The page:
RCMP Constables Joanie Sidhu and Katrina Harnett parked their cruisers and tightened up the laces of their boots last week to patrol Mission’s downtown.
As they walked, they stopped every few minutes to talk to area residents, shoppers, and merchants. It’s a way for them to get to know the community and gather intelligence to update files. They also don’t mind helping out when they can.
On Thursday, they helped move a homeless woman off private property.
“She had a lot of stuff with her,” said Harnett, noting business owners are usually hesitant to approach people in her situation. She recognized it was hard for the woman too, and the partners offered as much assistance as they could.
Earlier in the day, library staff brought the pair’s attention to a man panhandling in the vicinity and scaring children. It didn’t take long for Sidhu and Harnett to spot the man from the photograph they were shown and explain to him his actions were making others uncomfortable.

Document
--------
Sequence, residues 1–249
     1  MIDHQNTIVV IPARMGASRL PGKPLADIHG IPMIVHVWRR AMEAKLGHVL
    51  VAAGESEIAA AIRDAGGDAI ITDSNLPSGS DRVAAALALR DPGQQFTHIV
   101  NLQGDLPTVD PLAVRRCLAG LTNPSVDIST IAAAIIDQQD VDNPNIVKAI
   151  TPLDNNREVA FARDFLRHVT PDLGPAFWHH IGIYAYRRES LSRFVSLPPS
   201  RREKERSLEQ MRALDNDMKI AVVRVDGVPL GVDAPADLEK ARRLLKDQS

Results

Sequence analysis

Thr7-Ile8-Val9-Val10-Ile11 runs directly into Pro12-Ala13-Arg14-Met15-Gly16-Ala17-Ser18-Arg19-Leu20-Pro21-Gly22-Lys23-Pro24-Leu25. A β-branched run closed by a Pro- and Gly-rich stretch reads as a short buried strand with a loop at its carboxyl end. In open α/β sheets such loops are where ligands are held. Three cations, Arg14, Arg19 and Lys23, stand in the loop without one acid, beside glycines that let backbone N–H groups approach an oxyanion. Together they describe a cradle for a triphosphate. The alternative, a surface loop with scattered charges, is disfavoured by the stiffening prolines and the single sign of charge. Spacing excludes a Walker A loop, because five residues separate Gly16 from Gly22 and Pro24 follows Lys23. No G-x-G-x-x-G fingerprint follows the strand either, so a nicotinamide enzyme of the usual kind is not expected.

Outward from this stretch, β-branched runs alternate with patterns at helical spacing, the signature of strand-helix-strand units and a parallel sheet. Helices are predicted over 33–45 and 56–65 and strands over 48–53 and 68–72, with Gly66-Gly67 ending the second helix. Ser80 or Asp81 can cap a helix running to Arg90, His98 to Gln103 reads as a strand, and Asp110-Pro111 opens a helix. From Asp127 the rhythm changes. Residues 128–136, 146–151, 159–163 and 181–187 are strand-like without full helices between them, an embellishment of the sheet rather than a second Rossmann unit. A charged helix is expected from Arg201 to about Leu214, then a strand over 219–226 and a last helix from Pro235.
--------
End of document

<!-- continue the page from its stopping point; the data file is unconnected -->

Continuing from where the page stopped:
“He was very cooperative,” said Sidhu.
Most people are happy to see a police presence in the area, added Harnett. “We get a lot of positive reaction.”
Mounties launched the foot patrols in May, coinciding with plans to revitalize downtown.
“It’s a good alignment with the city’s initiative. We have to help with the transition,” said Mission RCMP Insp. Richard Konarski, who hopes to eliminate as many conflicts as possible with various user groups.
Some people have reservations about coming downtown because of past issues, but there has been a significant change over the last two months, added Sgt. Shaun Wright, noting there are less people congregating in the area as last year.
There will still be people hanging out, but not the ones that were predatory or causing distress in the community, noted Konarski.
Police have been working with a crime analyst to determine when and where the most calls for service take place and strategically schedule foot patrols.
“If we understand the pattern, why not get there ahead of time?” the inspector said.
Police also use the information they gather to build stronger cases and flag people who cause nuisance in the area, like panhandling or petty thefts.
The strategy is working, according to the Mounties.
Police used to frequently get called to the breezeway on the east side of Magnolia’s on Main, but Konarski explained it was he who was doing the apologizing the last time he was there.
A woman was sitting there with a book when Konarski approached and he jokingly asked if she was causing any problems.
“She said it was a nice quiet place to read and I had to apologize for interrupting her,” he explained.
The RCMP will continue to patrol downtown on foot until at least the fall, when the program, along with its funding, will be reviewed.